No Brexit deal on civil jurisdiction

When we first started this blog what feels like aeons ago (but which, on checking, was in fact only in 2016), our very first posts formed a short series speculating on the possible impact of Brexit on civil litigation.

Assuming that the Draft EU-UK Trade and Cooperation Agreement will in due course be approved by Parliament, (and barring the emergence of some as yet unknown side-deal on civil jurisdiction) there will be no more need to speculate.

This blog post summarises the position on jurisdiction and applicable law as we understand it for cross-border civil proceedings brought in England and Wales during and after the transition period.

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Pleading foreign law: the practicalities considered

A couple of weeks ago, we blogged on the first case applying the Brownlie approach to pleading foreign law. These decisions are now coming thick and fast. In this blog post, Sam Cuthbert considers recent developments in this context.

In Suppipaj & Ors v Narongdej & Ors [2020] EWHC 3191 (Comm), Butcher J gave a reserved judgment following a CMC in a case concerning an alleged fraudulent conspiracy. This decision is of particular interest because it considers what a claimant should do in practical terms when a defence raises specific foreign law provisions. It is this aspect of the decision that Sam deals with in this blog post.

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No lis pendens in relation to French injury “aggravation” claim

We start the week with a short blog post drawing attention to an interesting recent decision of Soole J in Tate v Allianz Iard SA [2020] EWHC 3227 (QB).

It deals with the position from a “lis pendens” perspective where a claimant, having been compensated for injuries in the courts of France, subsequently brings a claim for “aggravation” of those injuries in England and Wales.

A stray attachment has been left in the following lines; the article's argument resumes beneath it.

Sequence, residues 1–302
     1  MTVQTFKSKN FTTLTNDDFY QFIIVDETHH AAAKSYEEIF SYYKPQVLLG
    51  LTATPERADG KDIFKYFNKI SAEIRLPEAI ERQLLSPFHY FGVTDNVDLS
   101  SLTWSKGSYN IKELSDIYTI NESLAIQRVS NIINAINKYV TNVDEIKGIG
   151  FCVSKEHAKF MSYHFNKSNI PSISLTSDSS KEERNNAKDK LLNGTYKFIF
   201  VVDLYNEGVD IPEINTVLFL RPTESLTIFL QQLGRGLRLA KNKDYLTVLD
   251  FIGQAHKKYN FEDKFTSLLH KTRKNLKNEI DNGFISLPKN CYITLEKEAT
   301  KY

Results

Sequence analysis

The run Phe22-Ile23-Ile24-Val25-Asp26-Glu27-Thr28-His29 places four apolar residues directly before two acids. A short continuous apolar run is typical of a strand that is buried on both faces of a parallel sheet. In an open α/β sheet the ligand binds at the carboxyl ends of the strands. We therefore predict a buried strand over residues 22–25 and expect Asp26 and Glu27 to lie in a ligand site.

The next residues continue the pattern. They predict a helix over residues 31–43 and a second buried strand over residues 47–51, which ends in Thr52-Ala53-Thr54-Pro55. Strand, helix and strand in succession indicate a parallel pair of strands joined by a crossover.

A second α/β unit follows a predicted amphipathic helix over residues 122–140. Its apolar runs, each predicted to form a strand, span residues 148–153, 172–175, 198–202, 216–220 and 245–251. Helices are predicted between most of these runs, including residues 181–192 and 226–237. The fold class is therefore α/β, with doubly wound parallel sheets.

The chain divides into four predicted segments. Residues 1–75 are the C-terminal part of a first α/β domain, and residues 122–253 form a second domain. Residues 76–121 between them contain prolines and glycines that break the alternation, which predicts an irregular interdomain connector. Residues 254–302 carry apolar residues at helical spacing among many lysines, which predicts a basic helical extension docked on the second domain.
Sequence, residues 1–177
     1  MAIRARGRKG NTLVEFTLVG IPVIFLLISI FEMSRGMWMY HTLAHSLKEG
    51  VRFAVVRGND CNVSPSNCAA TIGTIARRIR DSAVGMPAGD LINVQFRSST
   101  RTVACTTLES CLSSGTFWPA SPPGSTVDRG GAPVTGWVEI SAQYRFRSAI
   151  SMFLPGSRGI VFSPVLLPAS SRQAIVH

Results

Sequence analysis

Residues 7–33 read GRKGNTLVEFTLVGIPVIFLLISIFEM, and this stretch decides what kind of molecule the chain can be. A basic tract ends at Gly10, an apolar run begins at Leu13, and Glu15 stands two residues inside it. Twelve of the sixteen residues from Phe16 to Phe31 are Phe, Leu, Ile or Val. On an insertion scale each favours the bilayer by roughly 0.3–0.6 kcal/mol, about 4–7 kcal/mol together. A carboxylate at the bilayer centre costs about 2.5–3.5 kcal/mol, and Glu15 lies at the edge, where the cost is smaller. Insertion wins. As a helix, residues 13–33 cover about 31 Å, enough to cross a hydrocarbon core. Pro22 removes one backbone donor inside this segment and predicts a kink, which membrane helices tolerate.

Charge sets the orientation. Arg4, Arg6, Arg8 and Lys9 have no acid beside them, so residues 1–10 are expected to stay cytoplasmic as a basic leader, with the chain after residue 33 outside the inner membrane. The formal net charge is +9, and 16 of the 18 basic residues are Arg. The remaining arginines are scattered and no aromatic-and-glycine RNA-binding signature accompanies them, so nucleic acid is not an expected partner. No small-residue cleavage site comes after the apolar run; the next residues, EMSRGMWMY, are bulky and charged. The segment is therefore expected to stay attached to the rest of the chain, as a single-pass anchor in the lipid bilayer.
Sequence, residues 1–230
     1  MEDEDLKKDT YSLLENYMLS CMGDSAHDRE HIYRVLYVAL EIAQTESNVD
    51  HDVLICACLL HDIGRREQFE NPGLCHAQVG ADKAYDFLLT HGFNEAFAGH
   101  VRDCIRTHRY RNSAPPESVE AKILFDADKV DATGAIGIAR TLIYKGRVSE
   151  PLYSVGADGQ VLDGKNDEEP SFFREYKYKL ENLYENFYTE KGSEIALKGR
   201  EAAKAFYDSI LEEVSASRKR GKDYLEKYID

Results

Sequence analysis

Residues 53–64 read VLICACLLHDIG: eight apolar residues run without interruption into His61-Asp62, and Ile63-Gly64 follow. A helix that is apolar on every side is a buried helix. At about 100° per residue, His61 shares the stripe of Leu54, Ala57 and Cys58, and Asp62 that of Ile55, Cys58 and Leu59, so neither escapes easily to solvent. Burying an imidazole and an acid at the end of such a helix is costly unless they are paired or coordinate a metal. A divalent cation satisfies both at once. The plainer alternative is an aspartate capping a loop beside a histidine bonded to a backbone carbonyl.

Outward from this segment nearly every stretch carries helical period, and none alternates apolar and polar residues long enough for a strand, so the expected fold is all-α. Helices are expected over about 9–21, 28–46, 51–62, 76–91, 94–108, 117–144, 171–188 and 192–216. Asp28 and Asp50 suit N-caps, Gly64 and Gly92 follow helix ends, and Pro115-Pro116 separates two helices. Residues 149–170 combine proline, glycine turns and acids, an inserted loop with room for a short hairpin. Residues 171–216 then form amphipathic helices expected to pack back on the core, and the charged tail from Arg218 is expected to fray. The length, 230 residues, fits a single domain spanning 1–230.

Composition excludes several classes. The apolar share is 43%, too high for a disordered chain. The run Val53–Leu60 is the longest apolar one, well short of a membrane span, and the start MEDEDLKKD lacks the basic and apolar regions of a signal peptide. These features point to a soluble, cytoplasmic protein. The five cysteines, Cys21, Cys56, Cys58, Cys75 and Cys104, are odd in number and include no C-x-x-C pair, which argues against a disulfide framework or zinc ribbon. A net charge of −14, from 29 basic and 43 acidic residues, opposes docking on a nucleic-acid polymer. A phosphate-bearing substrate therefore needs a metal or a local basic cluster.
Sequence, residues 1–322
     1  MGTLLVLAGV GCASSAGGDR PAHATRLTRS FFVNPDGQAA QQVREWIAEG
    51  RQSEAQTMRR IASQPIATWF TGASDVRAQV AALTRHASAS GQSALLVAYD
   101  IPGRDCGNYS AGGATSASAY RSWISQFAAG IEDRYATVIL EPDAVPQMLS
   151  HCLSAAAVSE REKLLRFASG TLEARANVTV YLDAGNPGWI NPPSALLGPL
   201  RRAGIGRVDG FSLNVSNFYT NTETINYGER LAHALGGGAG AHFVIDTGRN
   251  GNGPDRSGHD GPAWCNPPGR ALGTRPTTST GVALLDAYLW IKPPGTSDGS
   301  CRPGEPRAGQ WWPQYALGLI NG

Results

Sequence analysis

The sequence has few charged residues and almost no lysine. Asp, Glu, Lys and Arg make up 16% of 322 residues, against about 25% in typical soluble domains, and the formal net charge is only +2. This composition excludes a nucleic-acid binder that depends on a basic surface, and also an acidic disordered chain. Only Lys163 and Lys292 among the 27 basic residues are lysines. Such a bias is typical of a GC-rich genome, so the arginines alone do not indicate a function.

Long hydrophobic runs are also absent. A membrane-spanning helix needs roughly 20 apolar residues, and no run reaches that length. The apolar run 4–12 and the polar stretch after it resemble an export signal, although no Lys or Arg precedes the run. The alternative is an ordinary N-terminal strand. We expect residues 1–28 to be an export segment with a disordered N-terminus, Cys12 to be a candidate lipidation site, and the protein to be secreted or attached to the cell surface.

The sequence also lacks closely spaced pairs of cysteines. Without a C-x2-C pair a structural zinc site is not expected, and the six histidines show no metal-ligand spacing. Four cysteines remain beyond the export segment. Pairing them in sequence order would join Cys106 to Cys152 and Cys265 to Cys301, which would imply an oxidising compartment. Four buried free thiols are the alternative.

A claim for “aggravation” in this context is similar to – but, crucially, not the same as – a follow-up claim for further damages after an award of provisional damages in English law.

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High Court on package travel litigation: “local standards” evidence not always necessary

In this blog post, Spencer Turner considers the case of TUI UK Limited v Lynn Morgan [2020] EWHC 9244 (Ch). The decision has significant implications for claims relating to package holidays.

In summary, Marcus Smith J considered that a Claimant was entitled to rely on a standard not applied in the locality as “a proxy for the local standards that were lacking in this case”. In particular:

where the local standards are unclear, the court is not going to require the claimant to incur and waste time and expense in seeking to prove that which is vague, nebulous or non-existent. In such a case, the claimant is perfectly entitled to have resort to other material in order to establish that the obligation to exercise reasonable skill and care has been breached.

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High Court applies Brownlie approach to pleading foreign law

In this blog post, Max Archer considers Qatar Airways Group QCSC v Middle East News FZ LLC [2020] EWHC 2975 (QB).

This was a claim for malicious falsehood (and other torts including conspiracy) brought by Qatar Airways against various media companies registered in the UAE, Dubai, and the United Kingdom. Saini J found that there was a good arguable case against the Defendants, serious issues to be tried, and that the case fell within three of the CPR’s jurisdictional gateways.

Of particular significance for readers of this blog is that this is apparently the first case engaging with the Court of Appeal’s ruling on pleading and proving foreign law in FS Cairo (Nile Plaza) LLC v Brownlie [2020] EWCA Civ 996. We considered the difficulties posed by the three apparently inconsistent judgments in that case in a separate post here.

In summary, the judge in Qatar Airways approved and applied Underhill LJ’s approach to the issue.

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